Our view: Hold
Share price: 48.73p (+0.02p)
Apparently all those tedious campaigns by the nanny state to get us all eating more fruit and veg are having some impact, at least if Booker, Britain's biggest cash and carry wholesaler, is to be believed.
Buoyant sales of such healthy fayre (up 46 per cent) was a big factor behind the apparently positive trading update issued by the group yesterday. Meat was another winner (up 10 per cent) while cigarettes (up 5.9 per cent) held their own. Less good news for the health fanatics there then.
The overall sales rise of 6.2 per cent, excluding tobacco, and 5.9 per cent on a like-for-like basis, was also boosted by the World Cup. Such numbers, however, are made to look better than they might by the inflation that continues to dog Britain's economy and the policymakers at the Bank of England.
That said, the group is on track to meet forecasts of a full-year profit (pre-tax) of £62.1m against £57.2m last time. More than handy in the current climate. Various promotional initiatives have borne fruit and the group's venture into India is holding its own.
We said buy in April, encouraged by this and the way the company has reduced its debt so that it now has net cash on its balance sheet. And the shares have performed well enough for us without, well, exactly reaching for the stars. This despite the fact that the group sits on a relatively undemanding rating of 13 times 2011 forecast earnings. Perhaps it is simply failing to effectively communicate its message. Or perhaps the fly in Booker's ointment is the outlook.
The World Cup, which provided such a welcome fillip to the figures, is long gone, and with the coalition preparing to swing the axe with wild abandon, a business like Booker is not going to find things easy in the coming months. Its performance appears solid and we wouldn't jump ship just yet. But we wouldn't want to be buying more either. Hold for now.
Our view: Buy
Share price: 224p (-2.8p)
Unattractive as it often is to blow one's own trumpet, sometimes the end justifies the means. In the case of pharmaceutical group BTG, our tip to buy last November when the price was a lowly 183p is a case in point. Wise investors following the advice have seen the shares rocket by more than 20 per cent (albeit with some slips and trips along the way). And there is more to come.
The latest news from BTG is that the group's Varisolve varicose vein treatment is set to go ahead with pivotal phase three trials in the US, andif all goes according to plan the drug could be in line for approval in 2013.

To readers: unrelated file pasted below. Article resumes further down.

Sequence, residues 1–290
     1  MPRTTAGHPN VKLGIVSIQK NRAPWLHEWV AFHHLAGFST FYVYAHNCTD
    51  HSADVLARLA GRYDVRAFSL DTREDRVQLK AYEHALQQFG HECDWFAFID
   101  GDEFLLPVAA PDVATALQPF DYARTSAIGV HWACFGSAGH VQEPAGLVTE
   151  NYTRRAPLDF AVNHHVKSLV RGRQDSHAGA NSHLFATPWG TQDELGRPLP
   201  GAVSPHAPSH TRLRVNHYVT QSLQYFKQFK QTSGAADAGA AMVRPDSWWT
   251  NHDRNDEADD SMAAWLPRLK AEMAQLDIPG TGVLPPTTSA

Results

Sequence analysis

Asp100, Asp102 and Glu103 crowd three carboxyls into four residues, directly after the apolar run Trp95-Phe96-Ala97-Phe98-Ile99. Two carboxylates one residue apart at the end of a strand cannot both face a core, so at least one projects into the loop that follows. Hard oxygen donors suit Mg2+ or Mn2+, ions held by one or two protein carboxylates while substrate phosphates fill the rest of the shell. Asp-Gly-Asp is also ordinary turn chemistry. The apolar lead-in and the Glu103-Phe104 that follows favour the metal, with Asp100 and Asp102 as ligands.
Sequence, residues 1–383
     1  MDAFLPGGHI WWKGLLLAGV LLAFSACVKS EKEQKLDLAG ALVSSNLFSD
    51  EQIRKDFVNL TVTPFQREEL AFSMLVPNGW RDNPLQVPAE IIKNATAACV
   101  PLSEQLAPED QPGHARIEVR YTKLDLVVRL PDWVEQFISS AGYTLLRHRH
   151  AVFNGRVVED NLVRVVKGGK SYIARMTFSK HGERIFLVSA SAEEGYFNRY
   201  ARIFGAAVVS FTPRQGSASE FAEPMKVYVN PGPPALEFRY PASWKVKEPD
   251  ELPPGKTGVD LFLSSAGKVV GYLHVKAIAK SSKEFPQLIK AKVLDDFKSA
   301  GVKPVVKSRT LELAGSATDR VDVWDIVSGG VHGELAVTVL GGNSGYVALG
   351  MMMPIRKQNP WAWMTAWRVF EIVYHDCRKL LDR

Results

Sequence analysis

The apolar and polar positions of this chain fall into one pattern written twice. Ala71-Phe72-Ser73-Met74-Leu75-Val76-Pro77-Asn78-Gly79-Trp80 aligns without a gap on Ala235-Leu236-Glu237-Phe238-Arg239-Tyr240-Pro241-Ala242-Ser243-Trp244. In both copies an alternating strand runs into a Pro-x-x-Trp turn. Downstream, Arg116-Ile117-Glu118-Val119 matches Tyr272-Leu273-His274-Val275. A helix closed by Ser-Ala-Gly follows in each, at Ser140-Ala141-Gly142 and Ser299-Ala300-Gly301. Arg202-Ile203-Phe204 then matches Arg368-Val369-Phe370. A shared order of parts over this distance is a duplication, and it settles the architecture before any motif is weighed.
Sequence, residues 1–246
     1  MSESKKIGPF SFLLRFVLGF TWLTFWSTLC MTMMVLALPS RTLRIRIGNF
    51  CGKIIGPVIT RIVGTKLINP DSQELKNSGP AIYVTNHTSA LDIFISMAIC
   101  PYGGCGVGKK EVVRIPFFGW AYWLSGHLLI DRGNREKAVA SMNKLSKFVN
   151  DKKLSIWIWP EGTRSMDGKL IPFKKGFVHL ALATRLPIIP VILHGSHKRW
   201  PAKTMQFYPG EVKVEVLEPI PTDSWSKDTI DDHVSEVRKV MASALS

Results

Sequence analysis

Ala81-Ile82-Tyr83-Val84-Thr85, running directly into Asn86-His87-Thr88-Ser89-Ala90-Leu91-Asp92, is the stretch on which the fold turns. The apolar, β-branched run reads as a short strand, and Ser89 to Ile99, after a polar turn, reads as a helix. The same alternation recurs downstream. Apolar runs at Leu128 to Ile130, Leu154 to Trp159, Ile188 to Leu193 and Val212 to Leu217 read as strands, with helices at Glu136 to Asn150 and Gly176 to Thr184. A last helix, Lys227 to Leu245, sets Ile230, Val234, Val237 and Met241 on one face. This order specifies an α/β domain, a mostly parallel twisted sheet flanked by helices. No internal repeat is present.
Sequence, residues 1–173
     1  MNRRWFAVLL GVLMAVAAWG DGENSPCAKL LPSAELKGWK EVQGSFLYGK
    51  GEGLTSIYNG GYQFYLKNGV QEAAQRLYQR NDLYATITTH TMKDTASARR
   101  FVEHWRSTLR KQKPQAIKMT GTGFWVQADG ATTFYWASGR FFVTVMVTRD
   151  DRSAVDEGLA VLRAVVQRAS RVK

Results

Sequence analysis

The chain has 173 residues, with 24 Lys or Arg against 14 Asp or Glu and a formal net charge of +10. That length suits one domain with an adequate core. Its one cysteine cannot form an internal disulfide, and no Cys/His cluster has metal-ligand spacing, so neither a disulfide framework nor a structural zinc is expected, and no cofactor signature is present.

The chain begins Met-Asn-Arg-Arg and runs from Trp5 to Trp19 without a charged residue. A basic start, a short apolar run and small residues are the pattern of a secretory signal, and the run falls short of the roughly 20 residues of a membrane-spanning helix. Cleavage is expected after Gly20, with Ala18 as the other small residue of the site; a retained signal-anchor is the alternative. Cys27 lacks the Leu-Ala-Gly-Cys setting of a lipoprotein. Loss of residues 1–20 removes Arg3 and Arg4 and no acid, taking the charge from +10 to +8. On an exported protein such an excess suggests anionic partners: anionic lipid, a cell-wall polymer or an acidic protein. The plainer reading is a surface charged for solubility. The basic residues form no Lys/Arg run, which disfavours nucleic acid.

The potential market for Varisolve is huge. Chris Redhead, an analyst at Ambrian, estimates from interviews with US doctors that Varisolve could replace more invasive treatments in as many as half of cases, and be used on a supplementary basis in perhaps 80 per cent. "We believe Varisolve could easily generate at least $270m (£173m) in the US reimbursed market, rising to well over $500m as the product penetrates the substantial, but largely untapped, cosmetic market," Dr Redhead said.
BTG has drawbacks. It does not pay dividends, so investors are reliant on share price rises. And, unusually for a group of its size, it is reliant on news to give the stock a lift. But with steady news flow expected from Varisolve and other programmes this year, there is plenty of headroom. Keep buying.
Bluebay Asset Management
Our view: Strong buy
Share price: 345p (+24.5p)
Bluebay Asset Management has had a pretty decent year. Pre-tax profits soared by 183 per cent in the 12 months to June, while assets under management rose by 41 per cent. There was also a 131 per cent increase in the dividend, which should have cheered income investors. Bluebay sees net inflows of $5bn (£3.2bn) to $8bn in the coming year, with performance likely to be skewed towards the second half. Encouragingly, the firm saw $850m of net inflows across a range of funds over the first two months of the new financial year.
All in all, then, Bluebay seems in fine fettle. And yet the shares haven't exactly been racing ahead of others in the fund management sector. Bluebay is up nearly 10 per cent since the beginning of this year, while Ashmore is nearly 18 per cent better off over the same period. Of the larger conventional asset managers, it has fared a little better than Schroders, but is broadly in line with Aberdeen Asset Management. It trades on an undemanding multiple of under 12 times forecast earnings for 2011, falling to 10 times the 2012 forecast. The prospective yield goes from just above 6 per cent for 2011 to nearly 8 per cent for the year after. A strong buy.Reuse content